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U.S. Coronavirus Case Count Passes 9 Million

Health + Wellness
U.S. Coronavirus Case Count Passes 9 Million
Firefighters and paramedics continue to handle their normal 911 calls and COVID-19 calls in Brooklyn Park, Maryland on Oct. 27, 2020. Cases of COVID-19 continue to rise with Johns Hopkins reporting that U.S. cases have increased 41 percent in the last two weeks. ALEX EDELMAN / AFP via Getty Images

The U.S. topped nine million coronavirus cases Thursday as the pandemic continues to rage ten months since the first case was confirmed in January.


Also on Thursday, the country broke its record for the most cases reported in a single day since the pandemic began: at least 89,000 new cases according to The New York Times and more than 91,000 according to City A.M. Together, the two figures suggest the country is no closer to getting the disease under control.

"I think it's surprising how quickly it happened," Johns Hopkins University School of Medicine infectious disease expert Dr. Larry Chang told The New York Times. "I thought we would do a better job as a country getting organized and coming up with evidence-based national plans for mitigating this epidemic. So, while I'm not surprised we reached this number, it happened a lot faster than I thought it would."

The U.S. continues to lead the world in both coronavirus cases and deaths, according to figures from Johns Hopkins University. The pandemic has claimed nearly 230,000 U.S. lives. However, daily deaths, which tend to lag behind infections, are still much lower than they were in the spring, The New York Times pointed out. They are trending at around 780 a day.

There are several indications that the disease is spreading in the U.S. like never before. The country is averaging 75,000 cases a day, the worst average so far. More than 20 states reported more cases this week than at any other time during the pandemic, and no states reported a steady decline in cases.

Further, 12 states set individual records Thursday for the most new cases recorded, City A.M. reported: Illinois, Indiana, Maine, Michigan, Minnesota, Missouri, Nebraska, New Mexico, North Carolina, North Dakota, Ohio and Oregon.

"This surge is larger than any other wave or surges that we've seen yet," University of Wisconsin-Milwaukee school of public health epidemiologist Amanda Simanek told The New York Times. "This is the pattern that may continue to happen if we don't suppress the infection down to levels that are manageable."

Simanek said she was worried that cases were increasing just as cold weather forced people inside, where the coronavirus spreads more readily.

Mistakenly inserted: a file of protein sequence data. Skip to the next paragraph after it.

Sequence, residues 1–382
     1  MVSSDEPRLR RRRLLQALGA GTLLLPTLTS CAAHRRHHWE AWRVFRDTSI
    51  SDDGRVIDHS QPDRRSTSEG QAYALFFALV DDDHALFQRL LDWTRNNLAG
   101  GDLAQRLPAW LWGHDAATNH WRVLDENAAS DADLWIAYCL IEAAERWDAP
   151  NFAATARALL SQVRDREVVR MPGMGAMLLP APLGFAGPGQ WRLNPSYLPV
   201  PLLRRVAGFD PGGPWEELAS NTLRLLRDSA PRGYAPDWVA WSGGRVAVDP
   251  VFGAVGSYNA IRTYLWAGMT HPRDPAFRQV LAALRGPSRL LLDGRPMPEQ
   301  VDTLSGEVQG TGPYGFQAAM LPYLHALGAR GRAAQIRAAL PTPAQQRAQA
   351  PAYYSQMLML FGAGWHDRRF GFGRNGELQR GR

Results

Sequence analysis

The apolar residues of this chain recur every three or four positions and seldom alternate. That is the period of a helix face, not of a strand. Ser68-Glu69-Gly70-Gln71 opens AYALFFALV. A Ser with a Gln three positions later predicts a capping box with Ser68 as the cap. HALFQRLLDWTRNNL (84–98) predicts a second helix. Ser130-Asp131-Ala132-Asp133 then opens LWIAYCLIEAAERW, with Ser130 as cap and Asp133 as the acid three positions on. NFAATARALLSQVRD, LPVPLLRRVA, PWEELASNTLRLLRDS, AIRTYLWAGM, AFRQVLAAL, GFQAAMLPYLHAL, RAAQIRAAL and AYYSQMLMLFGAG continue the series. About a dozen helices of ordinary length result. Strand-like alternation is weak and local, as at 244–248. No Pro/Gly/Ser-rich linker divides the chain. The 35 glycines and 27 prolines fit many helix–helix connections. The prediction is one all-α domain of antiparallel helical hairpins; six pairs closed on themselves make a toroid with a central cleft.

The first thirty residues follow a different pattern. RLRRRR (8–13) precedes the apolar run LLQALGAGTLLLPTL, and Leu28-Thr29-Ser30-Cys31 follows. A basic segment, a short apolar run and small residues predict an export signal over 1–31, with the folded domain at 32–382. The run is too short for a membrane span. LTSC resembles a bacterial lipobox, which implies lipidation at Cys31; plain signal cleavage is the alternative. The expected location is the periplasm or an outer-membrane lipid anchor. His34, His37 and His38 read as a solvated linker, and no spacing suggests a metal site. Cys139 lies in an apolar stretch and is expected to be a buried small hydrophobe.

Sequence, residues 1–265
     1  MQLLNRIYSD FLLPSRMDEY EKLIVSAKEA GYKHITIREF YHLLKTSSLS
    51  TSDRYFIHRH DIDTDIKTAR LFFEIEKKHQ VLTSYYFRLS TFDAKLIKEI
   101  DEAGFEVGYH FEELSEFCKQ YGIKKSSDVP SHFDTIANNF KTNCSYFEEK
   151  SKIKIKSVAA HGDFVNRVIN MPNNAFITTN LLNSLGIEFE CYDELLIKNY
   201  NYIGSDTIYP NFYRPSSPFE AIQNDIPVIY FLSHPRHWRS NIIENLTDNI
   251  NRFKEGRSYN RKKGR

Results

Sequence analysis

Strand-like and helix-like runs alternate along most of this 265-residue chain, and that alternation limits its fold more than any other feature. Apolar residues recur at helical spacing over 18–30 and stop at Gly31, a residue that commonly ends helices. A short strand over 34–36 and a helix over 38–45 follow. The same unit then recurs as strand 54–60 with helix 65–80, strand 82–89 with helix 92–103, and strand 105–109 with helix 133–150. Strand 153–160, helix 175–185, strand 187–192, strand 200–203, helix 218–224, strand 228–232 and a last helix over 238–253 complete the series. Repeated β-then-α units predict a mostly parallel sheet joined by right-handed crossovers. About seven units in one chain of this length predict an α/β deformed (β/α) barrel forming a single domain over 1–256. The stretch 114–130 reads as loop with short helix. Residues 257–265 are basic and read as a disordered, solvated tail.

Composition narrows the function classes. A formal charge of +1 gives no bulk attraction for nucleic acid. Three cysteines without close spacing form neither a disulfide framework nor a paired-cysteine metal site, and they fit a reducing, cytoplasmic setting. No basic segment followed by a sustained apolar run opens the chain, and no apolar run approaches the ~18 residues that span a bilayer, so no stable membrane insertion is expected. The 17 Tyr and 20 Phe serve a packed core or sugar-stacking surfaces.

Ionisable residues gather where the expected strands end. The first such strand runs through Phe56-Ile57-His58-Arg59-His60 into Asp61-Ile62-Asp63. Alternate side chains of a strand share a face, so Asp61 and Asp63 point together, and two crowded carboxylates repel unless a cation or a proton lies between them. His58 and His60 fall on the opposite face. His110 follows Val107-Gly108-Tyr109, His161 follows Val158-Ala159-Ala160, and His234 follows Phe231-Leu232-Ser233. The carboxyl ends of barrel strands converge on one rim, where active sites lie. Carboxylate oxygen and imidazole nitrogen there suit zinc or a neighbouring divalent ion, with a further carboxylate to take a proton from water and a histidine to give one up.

National Institutes of Allergy and Infectious Diseases director Anthony Fauci also warned about the upcoming holiday season. He said new infections were emerging because small groups of families and friends were gathering without masks and without practicing social distancing measures, and these types of get-togethers tend to increase around the holidays.

"We're going into a precarious situation," Fauci said, as NBC News reported.

The pandemic in the U.S. has come in three main waves, The New York Times pointed out. In the spring, spikes were concentrated in large Northeastern cities. In the summer, the Sun Belt was the hardest hit. The current surge began in the Upper Midwest and Mountain West weeks ago but has now spread throughout the country to both rural and urban areas, putting a strain on local hospitals.

Intermountain Medical Center in Murray, Utah nurse Dani Beebe told The New York Times she was worried her hospital would not have the staff to tend to patients in the extra beds they had put in. And Wisconsin is running out of both intensive care unit beds and nurses, NBC News reported.

New cases are also surging in several battleground states in the upcoming U.S. election, City A.M. pointed out.

That contest pits President Donald Trump, who has repeatedly downplayed the virus and now claims the U.S. is "rounding the turn" on the pandemic, according to NBC News, against former Vice President Joe Biden, who has consistently criticized Trump's response to the new disease.

One battleground state that saw an uptick in cases was Pennsylvania, which reported its 200,000th case Thursday.

"The news that Pennsylvania has passed the grim milestone of 200,000 confirmed Covid-19 cases is a tragic reminder that President Trump has failed at his most basic and essential duty, to keep American families safe," Biden said in response, as NBC News reported. "Rather than working to contain the spread of the virus, President Trump continues to peddle the lie that America is rounding the corner on this pandemic."

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